Clinical testing of Verve Therapeutics’ genetic drug targeting an inherited form of high cholesterol continues in the UK and New Zealand, but plans for a US clinical trial hit a regulatory speed bump after the FDA delayed a new application of the biotech drug.
Verve announced FDA clinical hold for its gene therapy, VERVE-101, in connection with the launch of financial results for the third quarter of 2022 on Monday. The Cambridge, Mass.-based company did not provide details about the hold, other than to say that the hold on the FDA notice came last Friday and a formal letter outlining the agency’s issues is expected within 30 days.
“Verve plans to provide updates pending engagement with the FDA and intends to work closely with the FDA to resolve the hold as quickly as possible to begin dosing in the US,” the company said in a statement.
VERVE-101 is designed to turn off the PCSK9 gene, which produces a liver protein that makes it harder for the body to clear low-density lipoprotein (LDL), the “bad” form of cholesterol. High amounts of this type of cholesterol increase the risk of heart disease and stroke. Antibody drugs are available from Amgen and Regeneron Pharmaceuticals to block PCSK9 and Novartis won FDA approval last year for Leqvio, a drug that stops the gene from making the protein. But all three drugs must be dosed periodically. Verve’s gene therapy aims to turn off the gene permanently, offering the potential for a one-time treatment.
The first indication for Verve gene therapy is heterozygous familial hypercholesterolemia (HeFH). People born with this disease have high cholesterol levels that cannot be reduced with diet and exercise alone. In monkey studies, Verve reported an 89% reduction in PCSK9 protein levels, along with an average 59% reduction in cholesterol levels two weeks after dosing. This reduction was maintained for 15 months after treatment.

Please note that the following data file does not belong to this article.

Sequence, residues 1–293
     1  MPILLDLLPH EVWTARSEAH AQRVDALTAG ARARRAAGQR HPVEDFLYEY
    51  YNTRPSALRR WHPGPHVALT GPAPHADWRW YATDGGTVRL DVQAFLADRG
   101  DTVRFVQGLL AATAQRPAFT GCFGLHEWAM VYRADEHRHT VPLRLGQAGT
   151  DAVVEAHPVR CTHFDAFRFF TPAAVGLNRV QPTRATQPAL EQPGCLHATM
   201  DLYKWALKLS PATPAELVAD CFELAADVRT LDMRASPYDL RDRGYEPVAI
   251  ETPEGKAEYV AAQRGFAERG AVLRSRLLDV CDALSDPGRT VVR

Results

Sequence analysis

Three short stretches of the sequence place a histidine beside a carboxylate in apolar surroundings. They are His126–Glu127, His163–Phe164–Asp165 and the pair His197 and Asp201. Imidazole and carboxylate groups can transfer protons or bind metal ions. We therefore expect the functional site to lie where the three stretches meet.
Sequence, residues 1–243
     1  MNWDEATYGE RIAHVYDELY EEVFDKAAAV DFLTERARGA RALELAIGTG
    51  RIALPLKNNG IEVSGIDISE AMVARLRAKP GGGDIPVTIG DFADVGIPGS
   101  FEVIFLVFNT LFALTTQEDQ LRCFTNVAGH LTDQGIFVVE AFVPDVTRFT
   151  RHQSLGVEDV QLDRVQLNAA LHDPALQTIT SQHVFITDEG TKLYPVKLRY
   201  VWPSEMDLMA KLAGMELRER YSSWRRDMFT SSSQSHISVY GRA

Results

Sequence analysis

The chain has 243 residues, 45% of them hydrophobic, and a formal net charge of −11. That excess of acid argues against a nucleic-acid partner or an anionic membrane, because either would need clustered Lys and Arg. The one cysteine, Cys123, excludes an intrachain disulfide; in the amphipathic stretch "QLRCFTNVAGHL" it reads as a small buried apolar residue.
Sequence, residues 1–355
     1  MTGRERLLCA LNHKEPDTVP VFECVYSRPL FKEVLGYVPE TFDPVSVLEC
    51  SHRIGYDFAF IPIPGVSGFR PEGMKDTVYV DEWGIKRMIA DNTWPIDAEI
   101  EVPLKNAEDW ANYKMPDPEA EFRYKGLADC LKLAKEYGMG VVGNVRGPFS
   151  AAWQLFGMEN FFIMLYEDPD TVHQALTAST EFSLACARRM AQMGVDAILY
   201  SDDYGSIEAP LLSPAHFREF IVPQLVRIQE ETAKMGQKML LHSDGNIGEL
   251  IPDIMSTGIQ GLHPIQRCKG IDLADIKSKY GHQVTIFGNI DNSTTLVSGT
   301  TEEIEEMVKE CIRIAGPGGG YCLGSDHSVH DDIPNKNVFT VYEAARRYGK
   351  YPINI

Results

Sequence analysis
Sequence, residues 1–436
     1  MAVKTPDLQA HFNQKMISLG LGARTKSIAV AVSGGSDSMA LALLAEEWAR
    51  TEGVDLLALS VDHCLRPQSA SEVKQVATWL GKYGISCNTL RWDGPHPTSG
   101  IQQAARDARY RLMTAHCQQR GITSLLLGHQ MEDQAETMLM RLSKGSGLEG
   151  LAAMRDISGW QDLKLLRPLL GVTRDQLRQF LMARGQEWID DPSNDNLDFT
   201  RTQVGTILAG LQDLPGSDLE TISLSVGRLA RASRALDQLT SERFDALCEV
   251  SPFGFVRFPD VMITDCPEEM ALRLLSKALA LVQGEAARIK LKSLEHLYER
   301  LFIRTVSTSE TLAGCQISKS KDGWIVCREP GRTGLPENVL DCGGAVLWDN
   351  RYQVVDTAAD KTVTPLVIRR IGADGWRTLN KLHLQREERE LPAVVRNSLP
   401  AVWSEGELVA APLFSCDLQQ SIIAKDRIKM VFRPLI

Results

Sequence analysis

In the summer, a patient from New Zealand became the first dose in humans with Verve gene therapy. The company has since been given the green light to proceed with clinical trials in the UK. Verve said on Monday that clinical data from New Zealand and the UK were not part of the filing seeking FDA approval to begin a clinical trial in the US.
In the first group of patients dosed so far, Verve said the therapy was well tolerated and all side effects were classified as low grade. The independent trial data safety monitoring board reviewed the safety data and recommended that testing be escalated to the next dose level. Verve said it expects to report preliminary data from both groups at a medical meeting in the second half of 2023.
In a note sent to investors Monday morning, William Blair analyst Raju Prasad wrote that another genetic drug biotech, Beam Therapeutics, received a clinical hold on its exploratory new drug filing but was able to resolve it in three months, signaling that Verve can expect a similar timeframe. Previous clinical holdups in gene editing have also resulted in resolutions within about three months. Prasad added that the lack of safety issues so far and the continuation of the study to the next dosage level are positives for Verve gene therapy.
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